She’s got dimples that look like they were hand-seeded in the womb, soil permanently nested in her nails from harvesting, a contagiously radiant smile, and gusto like you’ve never seen. Meet Cheyenne Sundance – a young, Black, vibrant force of mother nature from Toronto – who is defying the status quo.
The average age of a farmer in Canada is 55. Cheyenne is 23. Land access and ownership is nearly impossible for Black farmers to aquire due to intergenerational and institutionalized discrimination and injustice. Cheyenne currently leases space in Toronto where she nurtures her organically grown greenhouse produce, but was able, as of last month, to raise $30,000 via crowdfunding to secure the 20% down payment needed for a farm property outside of Ontario. She is just on the cusp of being a landowner!
Pretty impressive for someone who never wanted to be a farmer.
“Farming was the last thing I ever wanted to be when I grew up. I always wanted to be an actor or in creative arts.”
But instead of finding mentorship and a safe place to learn and grow, Cheyenne’s highschool experience was full of discrimination. She tried three different highschools, each one worse than the one before it. So she left, and this is where her journey to the farm would begin.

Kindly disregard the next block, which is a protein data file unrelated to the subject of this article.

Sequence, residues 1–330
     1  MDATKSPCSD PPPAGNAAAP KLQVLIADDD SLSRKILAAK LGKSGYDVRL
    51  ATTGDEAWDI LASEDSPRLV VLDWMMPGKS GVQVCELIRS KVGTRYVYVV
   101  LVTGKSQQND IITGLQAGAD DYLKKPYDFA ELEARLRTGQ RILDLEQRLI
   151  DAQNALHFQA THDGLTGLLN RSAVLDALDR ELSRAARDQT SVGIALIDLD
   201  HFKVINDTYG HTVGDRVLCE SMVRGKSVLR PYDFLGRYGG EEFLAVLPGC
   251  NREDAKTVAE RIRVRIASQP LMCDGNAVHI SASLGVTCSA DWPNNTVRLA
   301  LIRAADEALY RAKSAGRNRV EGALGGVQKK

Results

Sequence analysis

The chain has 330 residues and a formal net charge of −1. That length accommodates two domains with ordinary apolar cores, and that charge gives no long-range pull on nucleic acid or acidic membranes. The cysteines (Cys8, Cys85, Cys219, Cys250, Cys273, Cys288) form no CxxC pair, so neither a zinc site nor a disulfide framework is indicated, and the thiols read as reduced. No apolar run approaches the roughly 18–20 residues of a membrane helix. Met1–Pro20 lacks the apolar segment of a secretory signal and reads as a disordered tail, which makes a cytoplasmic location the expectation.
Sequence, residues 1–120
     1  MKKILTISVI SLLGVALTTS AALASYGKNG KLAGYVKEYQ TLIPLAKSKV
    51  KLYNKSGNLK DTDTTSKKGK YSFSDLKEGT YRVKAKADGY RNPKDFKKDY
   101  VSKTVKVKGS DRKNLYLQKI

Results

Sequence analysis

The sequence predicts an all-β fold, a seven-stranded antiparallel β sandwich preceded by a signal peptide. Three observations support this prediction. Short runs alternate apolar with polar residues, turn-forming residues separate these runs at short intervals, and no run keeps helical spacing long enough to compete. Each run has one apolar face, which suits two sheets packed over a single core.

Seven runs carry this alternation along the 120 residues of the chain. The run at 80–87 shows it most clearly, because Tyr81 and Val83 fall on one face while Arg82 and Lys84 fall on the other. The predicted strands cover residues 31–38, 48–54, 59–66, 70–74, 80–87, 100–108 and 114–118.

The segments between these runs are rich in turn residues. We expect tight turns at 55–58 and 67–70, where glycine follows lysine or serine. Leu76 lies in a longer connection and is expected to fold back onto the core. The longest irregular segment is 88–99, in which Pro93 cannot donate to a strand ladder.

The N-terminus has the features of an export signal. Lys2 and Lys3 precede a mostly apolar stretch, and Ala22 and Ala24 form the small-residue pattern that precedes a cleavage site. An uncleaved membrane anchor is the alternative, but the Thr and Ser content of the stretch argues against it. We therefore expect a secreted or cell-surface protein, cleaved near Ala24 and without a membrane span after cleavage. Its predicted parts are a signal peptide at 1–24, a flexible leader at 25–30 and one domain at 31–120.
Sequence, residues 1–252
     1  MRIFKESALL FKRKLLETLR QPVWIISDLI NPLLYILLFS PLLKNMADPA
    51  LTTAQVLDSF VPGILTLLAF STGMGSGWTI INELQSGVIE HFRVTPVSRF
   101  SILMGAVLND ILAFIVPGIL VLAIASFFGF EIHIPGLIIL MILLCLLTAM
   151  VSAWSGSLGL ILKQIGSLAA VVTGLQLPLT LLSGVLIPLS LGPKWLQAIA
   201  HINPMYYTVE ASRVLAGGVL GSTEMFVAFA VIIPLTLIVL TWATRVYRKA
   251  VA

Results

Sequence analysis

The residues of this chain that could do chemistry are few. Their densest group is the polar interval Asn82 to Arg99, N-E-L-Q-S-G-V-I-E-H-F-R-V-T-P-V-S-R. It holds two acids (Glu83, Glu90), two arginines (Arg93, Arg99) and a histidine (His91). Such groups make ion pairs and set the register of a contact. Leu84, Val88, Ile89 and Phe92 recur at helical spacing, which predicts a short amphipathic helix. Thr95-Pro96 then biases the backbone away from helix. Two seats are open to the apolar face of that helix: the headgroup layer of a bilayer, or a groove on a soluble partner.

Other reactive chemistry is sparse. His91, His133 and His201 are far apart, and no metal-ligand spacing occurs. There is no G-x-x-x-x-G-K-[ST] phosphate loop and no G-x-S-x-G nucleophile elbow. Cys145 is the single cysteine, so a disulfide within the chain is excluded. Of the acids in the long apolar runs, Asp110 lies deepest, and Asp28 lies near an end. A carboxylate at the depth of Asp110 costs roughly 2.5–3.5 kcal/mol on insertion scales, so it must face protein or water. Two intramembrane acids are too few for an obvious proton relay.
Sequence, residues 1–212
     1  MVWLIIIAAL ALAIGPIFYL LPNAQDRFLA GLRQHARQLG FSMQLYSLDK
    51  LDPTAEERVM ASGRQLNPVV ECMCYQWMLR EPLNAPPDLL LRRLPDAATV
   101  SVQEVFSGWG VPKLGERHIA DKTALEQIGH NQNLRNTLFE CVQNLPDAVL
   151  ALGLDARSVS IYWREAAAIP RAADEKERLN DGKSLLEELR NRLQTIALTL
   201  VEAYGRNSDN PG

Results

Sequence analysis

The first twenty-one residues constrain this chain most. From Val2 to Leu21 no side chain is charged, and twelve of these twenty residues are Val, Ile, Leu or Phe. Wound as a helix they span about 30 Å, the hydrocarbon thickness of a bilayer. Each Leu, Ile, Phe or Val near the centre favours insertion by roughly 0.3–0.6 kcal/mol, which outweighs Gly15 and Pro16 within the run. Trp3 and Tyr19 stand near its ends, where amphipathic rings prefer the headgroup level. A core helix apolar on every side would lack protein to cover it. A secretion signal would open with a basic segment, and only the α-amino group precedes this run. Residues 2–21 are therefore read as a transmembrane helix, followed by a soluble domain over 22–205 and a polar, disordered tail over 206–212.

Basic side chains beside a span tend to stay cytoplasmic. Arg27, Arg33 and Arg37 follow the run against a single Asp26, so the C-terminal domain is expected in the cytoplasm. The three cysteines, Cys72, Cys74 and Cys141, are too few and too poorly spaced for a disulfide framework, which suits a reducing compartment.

She laced up her dusty boots and at the ripe age of 18 she packed her bags and joined her friends on a trip to Cuba where they lived in a self-sustaining rural village. Here she would learn not through the aged pages of used books and jaded professors, but through the land. Her greatest teacher became the ecosystem. Food sovereignty, accessibility, and patterns of livestock intrigued her and her curiosity and her drive to learn more became insatiable.
After backpacking throughout Canada, she finally landed back in Toronto and got a job at a local grocery store. As a product of her own environment, she started to learn more about the local food system. “I began to notice the disparity between who received income from within that system. The store would only buy from established, white farmers with wealth who had been doing it for 60 years. They weren’t willing to support the small young farmer that just started out.”
Once Cheyenne began to see the injustice, she couldn’t unsee it.
“There is a very big disconnect of, yes, organic food is great, but we must take into consideration the social complications that arise from supporting these farms that aren’t even in Toronto that have intergenerational wealth. What that means is that there is a conscious choice happening to not support local farms that are run by newcomers, women, women of color, and people with disabilities. And that made me angry.”